In 1945 a group of books written in Coptic was found near Nag Hammadi, Egypt. These books, now known as the “Nag Hammadi Library,” quickly turned the discussion of New Testament scripture and canon on its head. The Gospel of Thomas, one of the books found in this library, was one reason for the robust debate that followed.[1]  Scholars enthusiastically turned their attention to the Gospel of Thomas because of its claim to be an early, reliable account of the life of Jesus. The question they asked then is the one we should ask now: is this a reliable gospel account? To answer this question, we need to survey the arguments for and against Thomas.

What is the Gospel of Thomas?

The Gospel of Thomas is a collection of 114 sayings primarily attributed to Jesus. The earliest fragments date to around A.D. 200, and there are around a half dozen allusions to the gospel via the church fathers. [2]    Scholars believe the Gospel of Thomas was written between 140 and 180 AD. [3]    Some scholars think Thomas is a reliable account of Jesus’ life that is entirely independent of, yet parallel to Matthew, Mark Luke, and John. [4]   Why do they think this? Consider the following evidence for this view.

The Case for Accepting the Gospel of Thomas

The text of the Gospel of Thomas presents Jesus as a real person in history and focuses on his teachings. Nearly half of the sayings in Thomas are also found within the canonical Gospels. Thomas notes that Jesus had many disciples and repeatedly mentions Peter, Matthew, Thomas, and James by name. And, Thomas states that Jesus had brothers and sisters, and mentions John the Baptist by name. [5]   If these similarities weren’t enough, the Gospel of Thomas also indicates that Jesus was a popular traveling teacher in the area of Samaria and Judea. Given these specific details of Jesus’ life which are congruent with the canonical gospel accounts, some scholars see no reason to exclude the Gospel of Thomas from the New Testament canon.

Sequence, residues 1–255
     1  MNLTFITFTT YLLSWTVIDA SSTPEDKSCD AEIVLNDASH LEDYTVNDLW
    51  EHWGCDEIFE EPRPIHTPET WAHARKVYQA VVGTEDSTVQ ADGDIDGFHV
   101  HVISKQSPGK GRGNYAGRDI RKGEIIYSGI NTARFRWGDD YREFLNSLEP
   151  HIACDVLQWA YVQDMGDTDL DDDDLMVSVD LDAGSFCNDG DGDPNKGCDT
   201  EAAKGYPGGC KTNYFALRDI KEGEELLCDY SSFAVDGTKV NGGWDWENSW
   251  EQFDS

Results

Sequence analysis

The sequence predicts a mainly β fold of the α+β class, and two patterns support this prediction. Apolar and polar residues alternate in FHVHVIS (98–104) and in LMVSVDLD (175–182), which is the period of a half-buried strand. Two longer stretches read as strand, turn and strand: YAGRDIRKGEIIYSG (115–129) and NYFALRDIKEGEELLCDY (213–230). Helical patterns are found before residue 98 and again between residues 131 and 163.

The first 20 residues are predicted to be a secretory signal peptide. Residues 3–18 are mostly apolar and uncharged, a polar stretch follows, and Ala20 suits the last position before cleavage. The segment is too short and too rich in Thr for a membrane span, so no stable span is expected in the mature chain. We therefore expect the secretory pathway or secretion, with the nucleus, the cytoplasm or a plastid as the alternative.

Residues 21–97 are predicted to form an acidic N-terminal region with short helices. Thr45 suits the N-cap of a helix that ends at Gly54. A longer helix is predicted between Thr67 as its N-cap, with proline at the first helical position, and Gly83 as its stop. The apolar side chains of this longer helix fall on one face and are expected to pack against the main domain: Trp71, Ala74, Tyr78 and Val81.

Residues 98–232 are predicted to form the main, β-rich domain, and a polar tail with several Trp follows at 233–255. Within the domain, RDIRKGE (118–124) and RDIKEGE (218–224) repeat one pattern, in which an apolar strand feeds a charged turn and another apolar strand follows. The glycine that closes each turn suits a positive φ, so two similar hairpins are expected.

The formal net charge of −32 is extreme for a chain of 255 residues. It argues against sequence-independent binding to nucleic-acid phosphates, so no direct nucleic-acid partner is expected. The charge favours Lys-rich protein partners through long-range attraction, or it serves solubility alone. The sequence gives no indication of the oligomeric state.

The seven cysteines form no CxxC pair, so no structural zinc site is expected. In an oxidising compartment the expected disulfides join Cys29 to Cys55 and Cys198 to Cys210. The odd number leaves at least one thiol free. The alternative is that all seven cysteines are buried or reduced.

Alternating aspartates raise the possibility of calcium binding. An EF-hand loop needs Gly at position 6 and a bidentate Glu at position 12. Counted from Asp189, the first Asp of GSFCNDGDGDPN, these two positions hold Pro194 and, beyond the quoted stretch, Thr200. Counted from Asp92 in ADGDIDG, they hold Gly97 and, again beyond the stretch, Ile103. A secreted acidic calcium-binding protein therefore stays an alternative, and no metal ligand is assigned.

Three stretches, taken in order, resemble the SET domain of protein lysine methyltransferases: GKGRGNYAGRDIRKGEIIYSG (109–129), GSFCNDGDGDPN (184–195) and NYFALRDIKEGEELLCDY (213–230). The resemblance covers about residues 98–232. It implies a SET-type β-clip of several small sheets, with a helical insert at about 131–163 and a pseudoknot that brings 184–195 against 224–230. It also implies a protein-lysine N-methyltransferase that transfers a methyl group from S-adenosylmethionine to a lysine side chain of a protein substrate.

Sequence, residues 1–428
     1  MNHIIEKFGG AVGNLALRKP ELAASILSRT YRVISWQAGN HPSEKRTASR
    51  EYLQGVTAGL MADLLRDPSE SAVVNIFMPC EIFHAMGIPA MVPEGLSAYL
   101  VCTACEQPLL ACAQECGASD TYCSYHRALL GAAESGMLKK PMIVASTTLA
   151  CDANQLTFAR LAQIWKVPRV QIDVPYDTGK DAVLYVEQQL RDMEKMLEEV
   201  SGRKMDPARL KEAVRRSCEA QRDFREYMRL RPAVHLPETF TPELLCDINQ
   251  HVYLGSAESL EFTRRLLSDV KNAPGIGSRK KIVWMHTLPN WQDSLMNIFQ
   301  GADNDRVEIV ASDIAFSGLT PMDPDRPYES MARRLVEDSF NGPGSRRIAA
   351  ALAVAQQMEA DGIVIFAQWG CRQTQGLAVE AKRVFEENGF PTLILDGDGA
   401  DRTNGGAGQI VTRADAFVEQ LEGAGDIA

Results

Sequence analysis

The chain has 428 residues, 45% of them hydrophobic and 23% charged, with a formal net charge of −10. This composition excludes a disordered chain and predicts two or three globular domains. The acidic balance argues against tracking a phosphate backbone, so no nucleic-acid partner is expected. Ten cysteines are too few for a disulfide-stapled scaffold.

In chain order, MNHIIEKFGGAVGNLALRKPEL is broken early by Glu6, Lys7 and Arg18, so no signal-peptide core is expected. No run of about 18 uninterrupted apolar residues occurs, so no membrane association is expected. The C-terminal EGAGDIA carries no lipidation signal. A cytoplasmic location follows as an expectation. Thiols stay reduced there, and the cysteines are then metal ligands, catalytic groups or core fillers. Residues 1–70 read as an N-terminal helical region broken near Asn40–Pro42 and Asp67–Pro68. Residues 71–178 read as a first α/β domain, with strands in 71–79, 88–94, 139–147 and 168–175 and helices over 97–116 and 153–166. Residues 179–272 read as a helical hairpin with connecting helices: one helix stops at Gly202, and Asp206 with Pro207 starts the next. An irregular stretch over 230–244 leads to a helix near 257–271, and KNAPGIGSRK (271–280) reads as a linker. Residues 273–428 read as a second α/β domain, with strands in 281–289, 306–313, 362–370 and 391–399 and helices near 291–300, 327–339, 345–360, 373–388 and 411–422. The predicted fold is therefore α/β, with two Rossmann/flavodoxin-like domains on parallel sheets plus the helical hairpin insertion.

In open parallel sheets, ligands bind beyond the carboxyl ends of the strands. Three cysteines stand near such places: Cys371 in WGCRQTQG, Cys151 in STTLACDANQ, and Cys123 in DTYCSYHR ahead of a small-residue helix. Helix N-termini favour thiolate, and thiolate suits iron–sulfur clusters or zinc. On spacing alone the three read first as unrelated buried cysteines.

The Case Against the Gospel of Thomas

Though some skeptical scholars would like to include the Gospel of Thomas as a fifth canonical Gospel, there are three significant objections which call for its exclusion: 1. It is most likely a Gnostic text, but the early church rejected Gnosticism. 2. Thomas lacks references from the earliest church fathers or first-century witnesses. 3. Thomas was written later than the four canonical gospels, and outside of the time eyewitnesses would have been alive.

Conclusion

The Gospel of Thomas is undoubtedly the most popular and most debated of all the “lost” Gospels. While there are some reasons why the gospel should be accepted, the objections to Thomas are significant. In my next blog, we will take an in-depth look at the three objections raised.


[1] Upon its discovery, scholars realized that three previously unidentified Greek fragments of Thomas had been found in the 1890s in Oxyrhynchus, Egypt.

[2] Ryan Turner. Does the Gospel of Thomas Belong in the New Testament? https://carm.org/does-the-gospel-of-thomas-belong-in-the-new-testament. Publish: 3/20/10. Accessed 3/6/19.

[3] Ibid.

[4] John Dominic Crossan. Four Other Gospels: Shadows on the Contours of Canon. (Minneapolis: Winston Press, 1985), pg. 184).

[5] J. Warner Wallace. Why We SHouldn’t Trust the Non-Canonical Gospel of Thomas. https://coldcasechristianity.com/writings/why-shouldnt-we-trust-the-non-canonical-gospels-attributed-to-thomas/ Published: April 18, 2018. Accessed March 6, 2019.